China imposes duties of up to 200% on imports of Australian wine
Canberra calls it an "unjustifiable" action
China has imposed preliminary anti-dumping measures on wine imports from Australia, including duties up to 200%; move that Australia has called unjustifiable. The announcement, made by the Chinese Ministry of Commerce on November 27, concerns tariffs ranging between 107.1% and 212.1%. Despite calling the tariffs "temporary", China has not announced an exact end date.
Australian Trade Minister Simon Birmingham said the tariffs have been a devastating blow to businesses trading with China, as "they will make their wine trade with China impractical for many businesses." The move comes after the country of the Dragon launched an anti-dumping investigation into Australian wine imports in August, and following an increase in tension between the two countries over commodity trading. This year, China imposed tariffs on Australian barley, suspended meat imports, while Chinese importers were told they expect customs delays on seven categories of Australian products from coal to seafood starting in November.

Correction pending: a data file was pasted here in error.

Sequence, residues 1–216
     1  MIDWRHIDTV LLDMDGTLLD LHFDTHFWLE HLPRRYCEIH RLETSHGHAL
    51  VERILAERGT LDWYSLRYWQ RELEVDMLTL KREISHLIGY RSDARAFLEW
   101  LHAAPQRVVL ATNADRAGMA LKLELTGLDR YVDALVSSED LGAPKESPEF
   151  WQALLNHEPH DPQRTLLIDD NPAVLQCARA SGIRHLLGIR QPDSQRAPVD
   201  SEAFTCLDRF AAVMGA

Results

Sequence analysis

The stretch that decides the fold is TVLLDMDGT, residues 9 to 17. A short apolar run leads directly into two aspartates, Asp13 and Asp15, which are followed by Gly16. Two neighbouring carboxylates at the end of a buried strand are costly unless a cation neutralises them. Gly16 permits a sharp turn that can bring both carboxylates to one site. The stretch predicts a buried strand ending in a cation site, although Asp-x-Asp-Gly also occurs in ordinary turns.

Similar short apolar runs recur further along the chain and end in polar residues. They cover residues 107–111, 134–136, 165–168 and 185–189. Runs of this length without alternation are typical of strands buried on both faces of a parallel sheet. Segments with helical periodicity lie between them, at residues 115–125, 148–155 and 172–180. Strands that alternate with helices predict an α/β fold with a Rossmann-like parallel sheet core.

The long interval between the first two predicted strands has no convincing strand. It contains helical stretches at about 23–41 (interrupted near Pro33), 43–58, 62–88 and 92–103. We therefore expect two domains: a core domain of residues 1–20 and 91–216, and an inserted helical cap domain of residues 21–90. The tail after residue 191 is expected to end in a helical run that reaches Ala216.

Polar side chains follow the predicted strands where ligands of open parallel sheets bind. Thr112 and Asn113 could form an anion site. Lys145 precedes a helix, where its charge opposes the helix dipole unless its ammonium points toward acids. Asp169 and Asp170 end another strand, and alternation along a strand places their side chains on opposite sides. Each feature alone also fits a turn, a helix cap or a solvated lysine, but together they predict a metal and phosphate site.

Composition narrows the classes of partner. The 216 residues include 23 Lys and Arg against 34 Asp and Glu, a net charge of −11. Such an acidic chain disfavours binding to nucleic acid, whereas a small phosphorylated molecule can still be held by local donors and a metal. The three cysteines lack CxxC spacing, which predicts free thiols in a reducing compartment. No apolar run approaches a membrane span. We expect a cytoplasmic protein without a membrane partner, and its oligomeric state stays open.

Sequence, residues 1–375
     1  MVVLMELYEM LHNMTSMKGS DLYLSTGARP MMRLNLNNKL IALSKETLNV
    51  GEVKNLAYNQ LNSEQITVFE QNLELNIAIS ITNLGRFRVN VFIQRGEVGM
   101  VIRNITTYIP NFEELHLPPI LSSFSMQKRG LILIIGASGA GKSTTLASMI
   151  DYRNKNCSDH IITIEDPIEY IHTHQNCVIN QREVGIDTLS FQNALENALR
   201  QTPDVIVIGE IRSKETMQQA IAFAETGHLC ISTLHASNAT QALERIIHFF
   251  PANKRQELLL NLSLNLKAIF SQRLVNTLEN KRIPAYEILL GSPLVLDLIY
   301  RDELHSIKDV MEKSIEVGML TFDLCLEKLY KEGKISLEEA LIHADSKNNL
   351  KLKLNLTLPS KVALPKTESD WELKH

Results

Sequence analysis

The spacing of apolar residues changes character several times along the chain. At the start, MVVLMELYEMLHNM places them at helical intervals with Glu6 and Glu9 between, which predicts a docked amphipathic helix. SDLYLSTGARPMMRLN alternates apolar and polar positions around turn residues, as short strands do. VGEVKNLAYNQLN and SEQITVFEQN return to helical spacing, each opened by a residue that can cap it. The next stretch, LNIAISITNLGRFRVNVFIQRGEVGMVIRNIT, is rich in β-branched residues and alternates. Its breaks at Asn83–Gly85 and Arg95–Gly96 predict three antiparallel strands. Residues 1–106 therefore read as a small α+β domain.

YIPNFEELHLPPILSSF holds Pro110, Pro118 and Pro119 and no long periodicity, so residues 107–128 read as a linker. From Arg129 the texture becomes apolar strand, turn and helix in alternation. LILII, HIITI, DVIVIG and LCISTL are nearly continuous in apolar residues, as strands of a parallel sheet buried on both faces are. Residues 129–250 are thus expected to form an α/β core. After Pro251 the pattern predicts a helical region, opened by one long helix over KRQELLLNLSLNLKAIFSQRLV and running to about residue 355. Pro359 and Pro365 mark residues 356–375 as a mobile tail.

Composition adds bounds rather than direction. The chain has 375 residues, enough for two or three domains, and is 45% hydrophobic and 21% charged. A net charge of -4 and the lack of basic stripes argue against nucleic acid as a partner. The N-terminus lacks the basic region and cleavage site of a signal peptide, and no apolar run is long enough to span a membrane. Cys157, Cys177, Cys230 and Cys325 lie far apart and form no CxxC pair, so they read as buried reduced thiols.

According to the government, China takes 37% of Australia's total wine exports, an industry worth A $ 2.9 billion ($ 2.14 billion). Australian wine importers will now have to make deposits to the Chinese customs authority, which will be calculated on the basis of different rates that the authority has assigned to various companies. Treasury Wine Estates, which saw its share price drop by more than 13% after the announcement, is required to pay 169.3%, the highest amount owed by all wineries involved. "The Australian government categorically rejects any allegation that our wine producers are importing products into China, and we continue to believe that there is no basis or evidence for these claims," said Australian Agriculture Minister David Littleproud. Chinese Foreign Ministry spokesman Zhao Lijian said the measures are in line with Chinese laws and regulations and urged Australia to do more to strengthen mutual trust between countries.
EFA News - European Food Agency